Lysine acetylation is a key posttranslational modification that regulates diverse proteins involved in a range of biological processes.

Justin W. Walley, Zhouxin Shen, Maxwell R. McReynolds, Eric A. Schmelz, and Steven P. Briggs

PNAS January 2 2018; vol.115; no.1: 210–215

 

Significance

 

How pathogens manipulate host cellular machinery to enable infection is a major question in biology. The ability of Cochliobolus carbonum race 1 to infect susceptible corn plants relies on production of HC-toxin (HCT). While it is known that HC-toxin is a histone deacetylase inhibitor, knowledge of how HCT actually promotes virulence has remained elusive. Here, we use mass spectrometry to quantify protein abundance and levels of protein acetylation in HCT-treated or pathogen-infected plants. These analyses revealed that the activity of plant-encoded enzymes can be modulated to alter both histone and nonhistone protein acetylation during a susceptible interaction and suggest that virulent C. carbonum utilizes HCT to reprogram the transcriptional response to infection, resulting in an ineffective defense response.

 

 Abstract

 

Lysine acetylation is a key posttranslational modification that regulates diverse proteins involved in a range of biological processes. The role of histone acetylation in plant defense is well established, and it is known that pathogen effector proteins encoding acetyltransferases can directly acetylate host proteins to alter immunity. However, it is unclear whether endogenous plant enzymes can modulate protein acetylation during an immune response. Here, we investigate how the effector molecule HC-toxin (HCT), a histone deacetylase inhibitor produced by the fungal pathogen Cochliobolus carbonum race 1, promotes virulence in maize through altering protein acetylation. Using mass spectrometry, we globally quantified the abundance of 3,636 proteins and the levels of acetylation at 2,791 sites in maize plants treated with HCT as well as HCT-deficient or HCT-producing strains of C. carbonum. Analyses of these data demonstrate that acetylation is a widespread posttranslational modification impacting proteins encoded by many intensively studied maize genes. Furthermore, the application of exogenous HCT enabled us to show that the activity of plant-encoded enzymes (histone deacetylases) can be modulated to alter acetylation of nonhistone proteins during an immune response. Collectively, these results provide a resource for further mechanistic studies examining the regulation of protein function by reversible acetylation and offer insight into the complex immune response triggered by virulent C. carbonum.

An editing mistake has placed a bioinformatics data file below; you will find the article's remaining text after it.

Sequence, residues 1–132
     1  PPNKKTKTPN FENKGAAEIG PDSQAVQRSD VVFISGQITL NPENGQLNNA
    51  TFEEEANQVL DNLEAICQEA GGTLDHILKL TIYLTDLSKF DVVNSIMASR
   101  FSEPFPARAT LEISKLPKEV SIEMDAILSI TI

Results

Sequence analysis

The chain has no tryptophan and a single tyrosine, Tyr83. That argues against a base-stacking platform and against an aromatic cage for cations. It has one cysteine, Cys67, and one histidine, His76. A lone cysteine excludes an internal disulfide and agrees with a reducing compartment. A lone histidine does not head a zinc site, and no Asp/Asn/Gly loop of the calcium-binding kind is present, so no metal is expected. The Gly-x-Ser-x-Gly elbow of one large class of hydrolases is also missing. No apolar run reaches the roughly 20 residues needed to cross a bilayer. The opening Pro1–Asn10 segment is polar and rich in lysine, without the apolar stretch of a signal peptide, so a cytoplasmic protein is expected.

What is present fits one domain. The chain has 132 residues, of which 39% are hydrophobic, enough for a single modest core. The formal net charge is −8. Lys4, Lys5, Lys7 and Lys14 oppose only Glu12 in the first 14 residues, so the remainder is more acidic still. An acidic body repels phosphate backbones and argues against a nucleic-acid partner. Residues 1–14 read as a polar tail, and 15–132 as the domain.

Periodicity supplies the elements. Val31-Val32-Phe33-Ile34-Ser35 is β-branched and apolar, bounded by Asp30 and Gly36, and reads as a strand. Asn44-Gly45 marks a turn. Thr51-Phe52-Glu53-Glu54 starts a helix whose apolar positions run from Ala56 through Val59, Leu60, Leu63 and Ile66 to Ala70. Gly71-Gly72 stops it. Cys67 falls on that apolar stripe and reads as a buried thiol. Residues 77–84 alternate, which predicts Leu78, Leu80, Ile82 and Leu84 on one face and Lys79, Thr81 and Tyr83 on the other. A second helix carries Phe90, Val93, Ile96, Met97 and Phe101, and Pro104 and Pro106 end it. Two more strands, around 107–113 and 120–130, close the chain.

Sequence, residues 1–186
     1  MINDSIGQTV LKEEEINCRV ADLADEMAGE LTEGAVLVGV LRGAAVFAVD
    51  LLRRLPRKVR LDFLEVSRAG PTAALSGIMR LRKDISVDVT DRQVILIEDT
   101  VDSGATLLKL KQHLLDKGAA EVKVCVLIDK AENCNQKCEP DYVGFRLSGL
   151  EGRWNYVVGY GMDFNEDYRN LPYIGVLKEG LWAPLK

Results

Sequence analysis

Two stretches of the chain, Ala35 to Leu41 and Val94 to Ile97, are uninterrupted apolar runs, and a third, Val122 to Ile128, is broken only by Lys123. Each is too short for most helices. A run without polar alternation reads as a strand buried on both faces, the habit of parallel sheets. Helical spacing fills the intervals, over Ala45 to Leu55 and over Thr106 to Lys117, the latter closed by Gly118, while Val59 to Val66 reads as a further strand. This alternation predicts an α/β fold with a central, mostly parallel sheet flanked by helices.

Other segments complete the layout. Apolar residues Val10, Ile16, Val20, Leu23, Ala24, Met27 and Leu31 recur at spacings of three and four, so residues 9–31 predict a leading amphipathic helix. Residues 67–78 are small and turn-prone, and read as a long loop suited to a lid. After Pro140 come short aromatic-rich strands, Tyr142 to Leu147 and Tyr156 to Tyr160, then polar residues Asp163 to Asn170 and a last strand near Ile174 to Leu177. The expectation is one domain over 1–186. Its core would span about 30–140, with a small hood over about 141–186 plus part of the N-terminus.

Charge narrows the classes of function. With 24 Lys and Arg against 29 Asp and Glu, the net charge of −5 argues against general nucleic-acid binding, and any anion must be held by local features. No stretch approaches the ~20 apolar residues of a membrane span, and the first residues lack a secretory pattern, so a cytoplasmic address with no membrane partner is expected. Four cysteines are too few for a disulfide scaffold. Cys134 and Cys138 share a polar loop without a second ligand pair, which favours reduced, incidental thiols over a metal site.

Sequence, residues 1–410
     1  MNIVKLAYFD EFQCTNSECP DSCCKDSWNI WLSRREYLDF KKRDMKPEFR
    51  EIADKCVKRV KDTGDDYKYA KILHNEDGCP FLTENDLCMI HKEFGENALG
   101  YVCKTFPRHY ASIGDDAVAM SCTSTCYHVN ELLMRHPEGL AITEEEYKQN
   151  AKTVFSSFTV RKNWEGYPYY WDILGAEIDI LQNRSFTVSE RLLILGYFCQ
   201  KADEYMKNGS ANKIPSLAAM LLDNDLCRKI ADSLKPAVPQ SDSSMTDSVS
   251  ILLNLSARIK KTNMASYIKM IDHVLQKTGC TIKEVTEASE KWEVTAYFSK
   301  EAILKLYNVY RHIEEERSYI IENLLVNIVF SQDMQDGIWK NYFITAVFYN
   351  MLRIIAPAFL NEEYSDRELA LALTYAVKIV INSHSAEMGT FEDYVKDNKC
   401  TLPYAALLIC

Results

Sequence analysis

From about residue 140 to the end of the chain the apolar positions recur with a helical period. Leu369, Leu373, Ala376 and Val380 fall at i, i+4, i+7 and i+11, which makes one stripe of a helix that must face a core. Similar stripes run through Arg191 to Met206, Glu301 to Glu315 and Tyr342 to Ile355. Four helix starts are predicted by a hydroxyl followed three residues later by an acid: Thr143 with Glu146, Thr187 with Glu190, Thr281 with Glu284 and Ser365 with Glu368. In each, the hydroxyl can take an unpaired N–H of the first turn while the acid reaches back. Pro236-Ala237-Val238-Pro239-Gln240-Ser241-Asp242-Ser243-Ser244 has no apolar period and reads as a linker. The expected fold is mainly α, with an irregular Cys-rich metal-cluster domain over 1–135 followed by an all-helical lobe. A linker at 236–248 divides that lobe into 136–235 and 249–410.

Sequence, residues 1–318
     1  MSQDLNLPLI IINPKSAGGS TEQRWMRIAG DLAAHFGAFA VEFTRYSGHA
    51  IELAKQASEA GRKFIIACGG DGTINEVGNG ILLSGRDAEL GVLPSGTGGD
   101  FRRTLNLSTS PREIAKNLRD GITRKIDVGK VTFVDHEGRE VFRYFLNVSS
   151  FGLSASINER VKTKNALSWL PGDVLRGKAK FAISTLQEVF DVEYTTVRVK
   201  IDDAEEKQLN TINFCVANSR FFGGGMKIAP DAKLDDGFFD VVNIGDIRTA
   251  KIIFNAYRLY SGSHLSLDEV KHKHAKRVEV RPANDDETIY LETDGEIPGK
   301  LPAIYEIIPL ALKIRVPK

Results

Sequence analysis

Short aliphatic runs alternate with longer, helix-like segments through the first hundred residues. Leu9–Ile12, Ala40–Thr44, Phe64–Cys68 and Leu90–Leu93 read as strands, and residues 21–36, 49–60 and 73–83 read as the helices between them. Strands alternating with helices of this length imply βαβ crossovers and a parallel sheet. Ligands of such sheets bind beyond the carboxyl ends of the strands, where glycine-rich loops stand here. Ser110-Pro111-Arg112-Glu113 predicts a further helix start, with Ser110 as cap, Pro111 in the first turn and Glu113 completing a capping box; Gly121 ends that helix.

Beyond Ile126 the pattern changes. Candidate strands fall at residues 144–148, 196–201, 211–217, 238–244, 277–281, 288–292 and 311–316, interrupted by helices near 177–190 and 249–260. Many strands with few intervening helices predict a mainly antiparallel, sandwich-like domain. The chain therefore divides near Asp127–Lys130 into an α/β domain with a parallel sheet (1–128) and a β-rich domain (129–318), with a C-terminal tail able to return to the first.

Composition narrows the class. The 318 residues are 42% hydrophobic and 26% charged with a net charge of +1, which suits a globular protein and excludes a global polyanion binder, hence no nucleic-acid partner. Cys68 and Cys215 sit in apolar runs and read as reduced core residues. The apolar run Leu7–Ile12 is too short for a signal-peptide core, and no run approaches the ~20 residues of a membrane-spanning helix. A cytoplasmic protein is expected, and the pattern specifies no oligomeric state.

See: http://www.pnas.org/content/115/1/210.full